Today's Veterinary Business

DEC 2018

Today’s Veterinary Business provides information and resources designed to help veterinarians and office management improve the financial performance of their practices, allowing them to increase the level of patient care and client service.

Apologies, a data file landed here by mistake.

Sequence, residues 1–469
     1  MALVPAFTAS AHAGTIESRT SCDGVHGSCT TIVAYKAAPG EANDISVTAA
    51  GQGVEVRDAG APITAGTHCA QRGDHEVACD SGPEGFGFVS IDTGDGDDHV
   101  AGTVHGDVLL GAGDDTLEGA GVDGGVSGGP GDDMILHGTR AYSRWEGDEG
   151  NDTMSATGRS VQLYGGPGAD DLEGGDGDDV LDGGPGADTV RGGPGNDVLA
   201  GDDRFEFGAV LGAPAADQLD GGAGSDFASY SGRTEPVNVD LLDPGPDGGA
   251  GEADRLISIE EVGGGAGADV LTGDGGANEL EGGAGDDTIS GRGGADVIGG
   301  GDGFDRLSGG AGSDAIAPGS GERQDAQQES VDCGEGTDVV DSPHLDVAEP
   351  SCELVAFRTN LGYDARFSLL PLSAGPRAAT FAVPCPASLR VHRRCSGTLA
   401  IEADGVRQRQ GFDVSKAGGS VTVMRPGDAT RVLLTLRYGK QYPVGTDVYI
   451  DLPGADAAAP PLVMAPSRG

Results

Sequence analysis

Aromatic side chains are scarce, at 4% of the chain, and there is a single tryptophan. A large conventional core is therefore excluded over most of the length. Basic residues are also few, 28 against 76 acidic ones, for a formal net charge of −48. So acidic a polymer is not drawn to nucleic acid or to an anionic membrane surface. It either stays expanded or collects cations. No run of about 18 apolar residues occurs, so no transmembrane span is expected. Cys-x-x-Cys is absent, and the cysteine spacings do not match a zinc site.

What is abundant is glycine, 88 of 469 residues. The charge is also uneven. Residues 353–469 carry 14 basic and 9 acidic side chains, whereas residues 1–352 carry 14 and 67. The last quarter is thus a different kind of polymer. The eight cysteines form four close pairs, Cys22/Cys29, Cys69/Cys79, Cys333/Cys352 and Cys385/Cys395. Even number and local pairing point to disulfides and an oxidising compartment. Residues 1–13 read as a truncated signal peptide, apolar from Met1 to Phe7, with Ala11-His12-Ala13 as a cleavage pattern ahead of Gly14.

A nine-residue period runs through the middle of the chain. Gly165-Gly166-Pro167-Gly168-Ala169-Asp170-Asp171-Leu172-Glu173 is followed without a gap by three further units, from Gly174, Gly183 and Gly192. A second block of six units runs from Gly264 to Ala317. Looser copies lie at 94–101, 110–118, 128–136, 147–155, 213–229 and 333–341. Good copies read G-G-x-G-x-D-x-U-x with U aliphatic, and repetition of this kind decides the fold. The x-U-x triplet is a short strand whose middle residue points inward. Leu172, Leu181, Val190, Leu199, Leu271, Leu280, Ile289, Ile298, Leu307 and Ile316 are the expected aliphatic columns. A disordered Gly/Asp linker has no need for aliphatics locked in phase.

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34 Today's Veterinary Business Business Business INNOVATION STATION The American Association of Veterinary State Boards recently voted on a new model act of prac- tice — visit — that might change when and how a veterinarian-client-patient relationship can be established. In the meantime, an opportunity exists today for practices to use telehealth tools that are within existing VCPR requirements. Using an after-hours triage service can help veterinarians maintain an appropriate work-life balance, retain clients who do not need to visit an ER or specialty ser- vice at that moment, and provide peace of mind to pet owners. The public's desire for "service on demand" raises a number of inter- esting questions: • Is there an unmet need in the veterinary profession to pro- vide after-hours triage care? • If such a need exists, what solutions exist and how are they different than telemedicine? • How can after-hours care be monetized, and what would be the economic impact on a practice that provided it? • Would the practice be better or worse off if these activities were done in-house? • Who should be allowed to practice triage without the existence of a VCPR? • What other non-financial ben- efits could a practice generate by providing the service? Let's tackle each question. Is there an unmet need in the veterinary profession to provide after-hours triage care? Today, most veterinary clinics when closed use an answering machine to refer clients to a nearby emergency facility or prompt the caller to leave a message. In many cases, measuring how many clients hear the automatic response and hang up versus how many leave a message is difficult. It's also hard to know how many clients never call because they don't think their situation is an emergency. Pet owners without medical training often cannot accurately judge the level of care that is neces- sary. They can only judge the client service they received. Dr. Philippe Moreau, in a presentation to the World Small Animal Veterinary As- sociation World Congress, asserted that clients' No. 1 expectation of veterinarians was kindness and compassion, followed by availability. Many practices are not aware they typically receive up to 15 after-hours calls per doctor per month. Assuming a four-DVM prac- tice, that would mean clients tried 60 times to reach out and poten- tially were sent elsewhere. I believe the use of answering machines to refer questions to an emergency facility can lead to suboptimal outcomes for general practices and emergency facili- ties alike. General practices lose a valuable opportunity to engage in client service while emergency hospitals are frequently burdened with non-urgent issues that might impact their standard of care. By John Dillon While the telehealth conversation has largely centered on telemedicine and whether a veterinarian can diagnose a case through digital tools, after-hours triage care — nights, weekends and holidays — is an important but often overlooked consideration for practicing veterinarians. 1 2 What solutions exist and how are they different than telemedicine? In the absence of a VCPR, general advice and emergency triage are the only options that can be pro- vided to a pet owner. The practice of emergency triage involves a spectrum of providers — from Pet Poison Hotline to dedicated after-hours triage providers. In every situation, important fac- tors should be considered, such as: • What are the limitations to the advice being dispensed? • Does this create additional liability for my practice? • What criteria should I use to evaluate after-hours options? How can after-hours care be monetized, and what would be the economic impact on a practice that provided it? The economics of providing after-hours client care using a third party is nuanced due to VCPR limitations and limitations on what information can be provided. Because of this, the monetization of triage care is best achieved indi- rectly rather than upfront. Best results are achieved by: • Offering the service for free to existing clients and tracking the number of new appoint- ments generated by being available after hours. • Using the service to attract and convert new clients. • Raising exam fees. Clients are often willing to spend $2 to $5 more on an exam fee if they get free after-hours support in return. • Incorporating the service into a wellness plan. A four-DVM practice grossing $1.5 million to $2 million a year from 6,000 active clients might see upward of 60 clients reach out with questions after hours each month. Based on my experience, we can assume the following: • 60 percent of the calls are non-emergent. 3 The economics of telehealth Do you know who your clients are calling after hours? You can concede the business to someone else or you can take an active role in meeting their needs.

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